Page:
The 12-floor flagship will have two levels of parking and cover 521,800 square feet. The double-level enclosed shopping center designed by Daniel Libeskind will be a first for South Korea and will include a multiplex cinema and 150 specialty stores.
It is part of a grander venture that demonstrates the potential growth abroad.
The $30 billion, 100 million-square-foot Songdo project, dubbed the “Gateway to Northeast Asia,” will be the first city designed and planned as an international business district. When completed in 2014, the district will employ 300,000 people and offer everything from a hospital and international preparatory school to a 100-acre central park and Jack Nicklaus golf course.
In the U.S., the economy and what is generally seen as too much retail space as shoppers cut back on spending may curtail retail real estate growth.
“The bottom line is that we could have a decade of slow retail development,” David Simon, chairman and chief executive officer of Simon Property Group, said on a conference call with Wall Street analysts.
However, he saw positive fallout for Simon and other major retail real estate companies.
Simon, one of the largest U.S. real estate players, is focusing on redevelopment and expansion of its franchise assets domestically and new premium outlets in the U.S. and Asia.
“Capital is a precious resource,” Simon said. “We remain very diligent in the allocation of that capital.”
Even if new retail building slows, there should be plenty of space as chains rejigger.
“The big issue for us the rest of this year and into early 2009 is going to be with store closings,” Simon said. “We are going to get more space back because there are tenants that are closing stores.”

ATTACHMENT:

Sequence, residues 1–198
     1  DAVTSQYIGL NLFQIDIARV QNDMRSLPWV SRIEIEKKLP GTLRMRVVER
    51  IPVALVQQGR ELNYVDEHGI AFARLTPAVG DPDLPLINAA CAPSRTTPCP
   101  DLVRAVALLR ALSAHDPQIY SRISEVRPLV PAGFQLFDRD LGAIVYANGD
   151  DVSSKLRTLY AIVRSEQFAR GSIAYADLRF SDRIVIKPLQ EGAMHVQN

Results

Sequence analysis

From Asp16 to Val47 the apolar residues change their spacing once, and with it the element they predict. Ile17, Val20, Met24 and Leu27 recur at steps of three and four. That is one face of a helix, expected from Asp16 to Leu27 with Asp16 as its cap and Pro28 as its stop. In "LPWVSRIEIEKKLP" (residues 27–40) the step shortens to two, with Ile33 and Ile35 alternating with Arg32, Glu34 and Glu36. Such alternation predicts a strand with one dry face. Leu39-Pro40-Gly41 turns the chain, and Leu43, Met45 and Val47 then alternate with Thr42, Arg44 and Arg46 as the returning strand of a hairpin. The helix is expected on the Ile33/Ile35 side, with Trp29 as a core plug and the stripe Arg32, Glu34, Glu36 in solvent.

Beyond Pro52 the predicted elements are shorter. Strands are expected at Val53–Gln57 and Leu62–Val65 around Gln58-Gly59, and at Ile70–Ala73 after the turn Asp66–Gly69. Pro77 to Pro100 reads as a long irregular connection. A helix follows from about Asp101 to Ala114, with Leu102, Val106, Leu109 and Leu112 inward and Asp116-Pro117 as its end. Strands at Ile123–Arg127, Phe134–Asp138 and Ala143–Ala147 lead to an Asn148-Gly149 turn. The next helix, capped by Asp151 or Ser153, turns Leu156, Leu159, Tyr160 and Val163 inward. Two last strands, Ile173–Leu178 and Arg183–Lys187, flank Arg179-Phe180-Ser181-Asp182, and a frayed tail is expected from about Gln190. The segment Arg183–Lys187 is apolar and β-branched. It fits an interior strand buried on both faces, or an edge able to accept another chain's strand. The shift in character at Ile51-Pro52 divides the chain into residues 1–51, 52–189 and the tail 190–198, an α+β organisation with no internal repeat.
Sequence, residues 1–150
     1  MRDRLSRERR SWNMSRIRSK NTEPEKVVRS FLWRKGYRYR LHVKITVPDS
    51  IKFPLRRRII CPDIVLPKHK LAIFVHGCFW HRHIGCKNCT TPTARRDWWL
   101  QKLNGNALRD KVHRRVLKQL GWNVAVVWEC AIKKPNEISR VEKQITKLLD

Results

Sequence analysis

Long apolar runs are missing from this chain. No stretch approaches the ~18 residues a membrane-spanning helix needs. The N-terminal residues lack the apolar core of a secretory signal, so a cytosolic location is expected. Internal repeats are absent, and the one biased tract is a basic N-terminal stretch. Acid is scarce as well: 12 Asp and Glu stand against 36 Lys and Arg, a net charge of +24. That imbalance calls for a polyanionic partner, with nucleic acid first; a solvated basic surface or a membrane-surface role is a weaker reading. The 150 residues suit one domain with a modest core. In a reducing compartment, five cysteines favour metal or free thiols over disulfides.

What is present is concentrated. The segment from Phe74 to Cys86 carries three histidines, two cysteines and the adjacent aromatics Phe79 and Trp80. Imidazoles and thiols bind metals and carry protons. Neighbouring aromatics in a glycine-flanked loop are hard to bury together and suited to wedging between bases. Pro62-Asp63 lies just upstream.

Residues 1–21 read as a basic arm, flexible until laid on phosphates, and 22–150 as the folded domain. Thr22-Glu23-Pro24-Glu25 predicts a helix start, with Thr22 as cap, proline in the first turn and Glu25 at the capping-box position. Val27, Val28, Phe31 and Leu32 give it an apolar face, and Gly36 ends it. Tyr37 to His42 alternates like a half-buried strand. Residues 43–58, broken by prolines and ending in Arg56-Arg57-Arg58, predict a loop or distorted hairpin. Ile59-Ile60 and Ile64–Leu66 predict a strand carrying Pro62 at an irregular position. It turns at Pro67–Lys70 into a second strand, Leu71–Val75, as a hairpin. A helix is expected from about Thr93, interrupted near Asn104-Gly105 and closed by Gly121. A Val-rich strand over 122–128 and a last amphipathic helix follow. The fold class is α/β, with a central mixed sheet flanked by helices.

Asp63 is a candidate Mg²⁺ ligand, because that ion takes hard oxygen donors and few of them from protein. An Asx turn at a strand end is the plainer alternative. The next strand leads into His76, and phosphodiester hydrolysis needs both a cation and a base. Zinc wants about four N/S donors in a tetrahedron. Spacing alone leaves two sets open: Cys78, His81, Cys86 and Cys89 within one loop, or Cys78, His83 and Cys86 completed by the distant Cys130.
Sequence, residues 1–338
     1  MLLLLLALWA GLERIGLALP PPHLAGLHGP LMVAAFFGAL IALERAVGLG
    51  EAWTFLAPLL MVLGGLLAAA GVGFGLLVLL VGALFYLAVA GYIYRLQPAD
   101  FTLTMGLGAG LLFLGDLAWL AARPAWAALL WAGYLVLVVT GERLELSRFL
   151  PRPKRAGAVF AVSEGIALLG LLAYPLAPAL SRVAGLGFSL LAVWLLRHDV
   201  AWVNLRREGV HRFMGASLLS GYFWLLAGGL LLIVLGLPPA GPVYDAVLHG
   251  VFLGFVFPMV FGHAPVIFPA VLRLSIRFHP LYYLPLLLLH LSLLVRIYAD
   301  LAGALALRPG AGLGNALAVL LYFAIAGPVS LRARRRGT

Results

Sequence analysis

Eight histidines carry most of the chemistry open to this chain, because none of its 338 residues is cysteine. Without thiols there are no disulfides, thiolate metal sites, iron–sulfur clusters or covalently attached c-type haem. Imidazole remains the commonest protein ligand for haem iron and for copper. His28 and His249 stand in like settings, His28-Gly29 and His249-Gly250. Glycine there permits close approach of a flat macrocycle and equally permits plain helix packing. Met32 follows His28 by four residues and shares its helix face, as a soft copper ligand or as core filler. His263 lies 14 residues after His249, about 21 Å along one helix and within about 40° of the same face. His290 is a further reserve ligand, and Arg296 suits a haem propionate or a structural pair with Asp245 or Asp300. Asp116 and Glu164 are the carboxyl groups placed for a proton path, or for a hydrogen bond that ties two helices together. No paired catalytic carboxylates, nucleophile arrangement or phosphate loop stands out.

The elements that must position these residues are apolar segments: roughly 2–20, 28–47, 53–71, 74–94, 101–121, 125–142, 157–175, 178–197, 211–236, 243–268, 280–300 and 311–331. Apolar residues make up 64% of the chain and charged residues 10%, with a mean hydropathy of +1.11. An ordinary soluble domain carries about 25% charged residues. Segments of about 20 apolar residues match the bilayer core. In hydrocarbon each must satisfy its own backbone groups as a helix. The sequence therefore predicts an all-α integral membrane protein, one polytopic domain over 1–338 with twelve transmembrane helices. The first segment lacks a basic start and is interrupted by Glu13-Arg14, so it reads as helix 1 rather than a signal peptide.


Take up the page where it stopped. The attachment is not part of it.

Already chains have been closing units. Among others, Wilsons The Leather Experts Inc. is shuttering 160 doors, Foot Locker Inc. trimming 140 locations and Zale Corp. closing 105 stores and kiosks.
Such decisions represent an opportunity for fast-growing players looking to expand.
“It’s good for an up-and-coming or a new concept or a retailer who’s really in its infancy, because instead of building a new store or building a new development, one can go and create mass in a hurry,” said Mez Birdie, director of NAI Realvest’s retail investment services and a member of the Institute of Real Estate Management’s retail property sector advisory group. “You can have instant entry into a new market.”
The balance of supply and demand will differ from market to market, though that might be mitigated some for chains with a national scope.
“In the past few years, there has been a strong emphasis on a landlord and a retailer developing or having a relationship,” Birdie said. “In the old days, it used to be transaction-driven, more is now driven by ‘Let’s look at this picture as a whole.'”
Some sections of the country will also hold up better than others and developers with a track record with their lenders will have an edge.
“Our business is in two of the hottest markets in the country, Hollywood and downtown [Los Angeles],” said Bradley Luster, president of Major Properties.